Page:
Are you disabled and recently lost a spouse? “Survivor’s benefits” may help

You may be able to qualify for Social Security disability benefits through a spouse or ex-spouse who recently passed away.

Social Security benefits can provide a lifeline to individuals and families struggling with a disability. If you suffer from a disability which prevents you from finding employment, you may be eligible to receive Social Security disability benefits, provided you understand the process and meet eligibility requirements. Mistakes when applying are easy to make. Inadequate documentation, missed deadlines, and incorrectly filed forms can lead to rejections and months or years of delays. With disability benefits often the only income keeping people out of poverty, there is a lot on the line.

This is particularly true if you are disabled and recently lost a loved one who provided much of the household income. The Social Security Administration allows disabled individuals to qualify for benefits based on the work record of a spouse or qualifying family member, but the process and eligibility requirements can be complex. Below are the answers to a few commonly asked questions about survivor's benefits to give you an overview of when they are appropriate.

What are SSDI survivor's benefits?

Not everyone automatically qualifies for Social Security; you must have worked a certain number of hours in order to be eligible. In addition, benefits end upon the death of the person receiving benefits, even if that person's benefits are supporting a family.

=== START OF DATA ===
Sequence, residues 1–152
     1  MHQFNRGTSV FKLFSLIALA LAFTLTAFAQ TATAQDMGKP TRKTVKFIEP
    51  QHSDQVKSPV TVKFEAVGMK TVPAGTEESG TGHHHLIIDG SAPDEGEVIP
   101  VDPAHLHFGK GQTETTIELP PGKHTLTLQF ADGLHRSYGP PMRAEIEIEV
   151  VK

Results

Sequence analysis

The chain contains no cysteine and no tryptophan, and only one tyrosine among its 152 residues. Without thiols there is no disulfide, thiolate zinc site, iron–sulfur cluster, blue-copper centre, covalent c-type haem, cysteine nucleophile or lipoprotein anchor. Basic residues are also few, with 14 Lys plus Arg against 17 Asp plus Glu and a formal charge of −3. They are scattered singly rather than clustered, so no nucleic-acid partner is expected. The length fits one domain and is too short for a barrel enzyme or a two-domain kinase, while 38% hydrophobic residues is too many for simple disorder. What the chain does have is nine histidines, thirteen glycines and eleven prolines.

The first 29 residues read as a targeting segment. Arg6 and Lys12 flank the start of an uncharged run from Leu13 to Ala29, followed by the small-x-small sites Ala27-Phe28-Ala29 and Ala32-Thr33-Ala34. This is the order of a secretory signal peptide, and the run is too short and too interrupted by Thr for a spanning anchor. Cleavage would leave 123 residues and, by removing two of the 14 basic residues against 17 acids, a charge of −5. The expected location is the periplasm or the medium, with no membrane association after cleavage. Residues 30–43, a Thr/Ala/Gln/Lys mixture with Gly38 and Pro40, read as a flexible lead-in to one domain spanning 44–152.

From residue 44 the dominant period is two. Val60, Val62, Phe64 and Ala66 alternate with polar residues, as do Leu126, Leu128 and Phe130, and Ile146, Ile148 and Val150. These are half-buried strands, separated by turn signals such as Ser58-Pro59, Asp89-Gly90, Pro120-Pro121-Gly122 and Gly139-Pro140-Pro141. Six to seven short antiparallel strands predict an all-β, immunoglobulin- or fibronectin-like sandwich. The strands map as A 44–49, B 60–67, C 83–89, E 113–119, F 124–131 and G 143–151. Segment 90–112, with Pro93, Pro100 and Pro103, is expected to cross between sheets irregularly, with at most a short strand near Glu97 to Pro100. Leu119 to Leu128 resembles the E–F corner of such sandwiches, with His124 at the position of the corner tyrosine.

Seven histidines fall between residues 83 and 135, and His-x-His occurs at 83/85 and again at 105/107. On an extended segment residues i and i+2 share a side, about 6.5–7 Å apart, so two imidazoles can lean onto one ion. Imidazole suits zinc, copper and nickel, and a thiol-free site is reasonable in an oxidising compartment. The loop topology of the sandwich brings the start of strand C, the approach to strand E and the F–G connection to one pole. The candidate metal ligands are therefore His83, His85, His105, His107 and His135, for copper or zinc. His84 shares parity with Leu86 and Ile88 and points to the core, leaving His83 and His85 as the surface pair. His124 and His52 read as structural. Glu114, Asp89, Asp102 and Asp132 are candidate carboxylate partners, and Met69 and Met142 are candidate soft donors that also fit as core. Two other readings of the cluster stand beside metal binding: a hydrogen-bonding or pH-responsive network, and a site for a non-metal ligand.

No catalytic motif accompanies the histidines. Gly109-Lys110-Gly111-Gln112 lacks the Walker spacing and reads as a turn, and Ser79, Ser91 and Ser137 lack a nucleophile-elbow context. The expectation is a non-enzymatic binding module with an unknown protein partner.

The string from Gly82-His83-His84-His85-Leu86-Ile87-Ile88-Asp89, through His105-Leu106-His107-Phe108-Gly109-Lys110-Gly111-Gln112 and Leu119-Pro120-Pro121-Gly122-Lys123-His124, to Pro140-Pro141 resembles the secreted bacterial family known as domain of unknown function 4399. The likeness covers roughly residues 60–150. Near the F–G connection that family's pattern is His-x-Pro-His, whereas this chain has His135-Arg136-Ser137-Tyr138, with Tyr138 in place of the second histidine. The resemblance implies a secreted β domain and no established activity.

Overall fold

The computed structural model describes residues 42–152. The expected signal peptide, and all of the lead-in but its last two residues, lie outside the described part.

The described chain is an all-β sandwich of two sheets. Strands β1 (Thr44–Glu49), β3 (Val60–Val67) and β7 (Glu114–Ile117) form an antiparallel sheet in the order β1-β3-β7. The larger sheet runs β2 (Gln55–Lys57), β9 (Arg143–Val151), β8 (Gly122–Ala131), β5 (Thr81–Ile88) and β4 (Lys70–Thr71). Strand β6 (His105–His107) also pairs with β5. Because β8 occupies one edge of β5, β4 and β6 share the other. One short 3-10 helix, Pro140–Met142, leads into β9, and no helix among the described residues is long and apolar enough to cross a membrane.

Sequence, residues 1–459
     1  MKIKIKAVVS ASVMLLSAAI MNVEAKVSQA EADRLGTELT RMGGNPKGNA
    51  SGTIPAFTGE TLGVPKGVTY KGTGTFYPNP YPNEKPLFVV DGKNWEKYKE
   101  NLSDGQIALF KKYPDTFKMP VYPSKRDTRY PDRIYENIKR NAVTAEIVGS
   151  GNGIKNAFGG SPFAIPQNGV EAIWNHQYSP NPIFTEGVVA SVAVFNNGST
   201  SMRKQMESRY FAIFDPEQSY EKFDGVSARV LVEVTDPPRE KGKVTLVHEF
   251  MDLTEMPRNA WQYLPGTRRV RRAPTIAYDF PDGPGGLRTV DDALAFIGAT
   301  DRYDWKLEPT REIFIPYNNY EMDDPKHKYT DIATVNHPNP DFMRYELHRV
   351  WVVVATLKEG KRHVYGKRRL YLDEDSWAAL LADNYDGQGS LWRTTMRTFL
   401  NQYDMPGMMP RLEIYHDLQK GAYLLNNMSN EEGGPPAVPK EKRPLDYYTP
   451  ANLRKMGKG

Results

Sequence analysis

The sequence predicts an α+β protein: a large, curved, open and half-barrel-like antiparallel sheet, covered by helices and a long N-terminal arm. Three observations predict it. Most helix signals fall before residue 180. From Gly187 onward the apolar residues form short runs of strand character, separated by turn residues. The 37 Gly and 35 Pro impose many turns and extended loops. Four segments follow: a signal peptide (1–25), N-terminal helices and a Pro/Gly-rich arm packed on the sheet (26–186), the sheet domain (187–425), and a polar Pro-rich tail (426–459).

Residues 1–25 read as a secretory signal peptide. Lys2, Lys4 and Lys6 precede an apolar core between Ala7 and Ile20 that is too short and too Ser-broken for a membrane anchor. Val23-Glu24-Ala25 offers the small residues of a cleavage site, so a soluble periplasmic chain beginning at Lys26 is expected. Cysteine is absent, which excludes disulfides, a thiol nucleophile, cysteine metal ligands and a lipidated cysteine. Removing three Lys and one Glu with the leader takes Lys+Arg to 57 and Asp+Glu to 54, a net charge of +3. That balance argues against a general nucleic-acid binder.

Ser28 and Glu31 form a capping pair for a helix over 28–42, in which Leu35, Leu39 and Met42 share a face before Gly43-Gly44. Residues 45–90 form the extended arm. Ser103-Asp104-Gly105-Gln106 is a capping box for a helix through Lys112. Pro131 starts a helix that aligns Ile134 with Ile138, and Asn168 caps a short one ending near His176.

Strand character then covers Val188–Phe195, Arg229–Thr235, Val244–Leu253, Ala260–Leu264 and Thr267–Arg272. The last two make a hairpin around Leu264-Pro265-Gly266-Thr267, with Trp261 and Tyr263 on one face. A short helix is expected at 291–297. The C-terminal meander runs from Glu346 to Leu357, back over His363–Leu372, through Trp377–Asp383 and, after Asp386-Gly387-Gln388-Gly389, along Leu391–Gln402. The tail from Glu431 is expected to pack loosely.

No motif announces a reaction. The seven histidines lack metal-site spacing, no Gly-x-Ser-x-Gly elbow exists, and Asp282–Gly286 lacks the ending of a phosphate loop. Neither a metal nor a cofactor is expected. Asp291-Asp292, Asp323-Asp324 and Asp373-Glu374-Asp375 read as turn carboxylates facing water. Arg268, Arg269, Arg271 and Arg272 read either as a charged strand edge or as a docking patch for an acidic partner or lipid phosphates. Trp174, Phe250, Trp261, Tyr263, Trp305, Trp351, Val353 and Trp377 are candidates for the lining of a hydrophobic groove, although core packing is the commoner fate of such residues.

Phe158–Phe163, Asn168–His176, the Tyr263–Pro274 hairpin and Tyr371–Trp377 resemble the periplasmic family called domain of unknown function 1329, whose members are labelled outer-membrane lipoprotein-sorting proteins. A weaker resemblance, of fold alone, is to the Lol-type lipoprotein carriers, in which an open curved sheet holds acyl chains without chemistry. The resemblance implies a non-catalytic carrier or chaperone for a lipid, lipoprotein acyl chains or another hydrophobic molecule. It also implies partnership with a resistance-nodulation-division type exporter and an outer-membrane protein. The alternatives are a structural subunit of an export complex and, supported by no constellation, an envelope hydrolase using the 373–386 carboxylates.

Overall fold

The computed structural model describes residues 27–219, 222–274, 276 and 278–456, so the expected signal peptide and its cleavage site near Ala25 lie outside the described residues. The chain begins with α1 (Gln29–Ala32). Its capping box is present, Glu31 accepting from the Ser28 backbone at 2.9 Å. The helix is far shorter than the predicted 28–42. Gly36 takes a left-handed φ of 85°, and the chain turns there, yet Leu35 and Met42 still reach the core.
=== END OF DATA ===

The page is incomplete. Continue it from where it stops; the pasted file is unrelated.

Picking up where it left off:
For spouses and parents who stayed home to care for the family and find themselves without any income, there may not be enough of a work record to qualify. Fortunately, the SSA recognizes that caring for the home is work; as such, certain family members are eligible to receive Social Security benefits based on the work record of a deceased loved one.

What are the requirements and when can I begin receiving benefits?

Survivor's benefits are only available to spouses and ex-spouses if the marriage lasted longer than 10 years. If you are disabled, you can begin receiving survivor's benefits as early as age 50. If you are caring for a minor of the deceased under the age of 16, you can begin receiving benefits at any age. Otherwise, you must turn 60 before receiving benefits. However, as with all Social Security benefits, you will receive a reduced payment amount if you begin collecting benefits before age 65.

Can I get my deceased family member's disability benefits?

Disability benefits are intended for disabled individuals. You cannot receive SSDI benefits for anyone's disability except for your own. However, if you become disabled within seven years of your spouse's death, you may be entitled to receive disability benefits based on your deceased spouse's Social Security record.

How much help am I entitled to?

The amount of survivors benefits depends on the amount of benefit your deceased spouse was entitled to. Understanding when to take benefits and under which work record becomes especially complicated if you are nearing retirement age, disabled, and are eligible for Social Security benefits based both on your own record and that of your spouse's or deceased spouse's record.

I need survivor's benefits. What do I do now?

If you are disabled and unsure of whether you qualify for disability benefits based on your own work history or that of a deceased spouse's, speak to the experienced attorneys at Babut Law Offices, PLLC. Maximizing the amount of benefit you are owed is an important step, especially if you are now alone in bringing in income. Our experienced attorneys can hel you understand your options.

Keywords: Social Security Disability Insurance benefits, SSDI, survivor's benefits, spousal benefits, Social Security record, work history.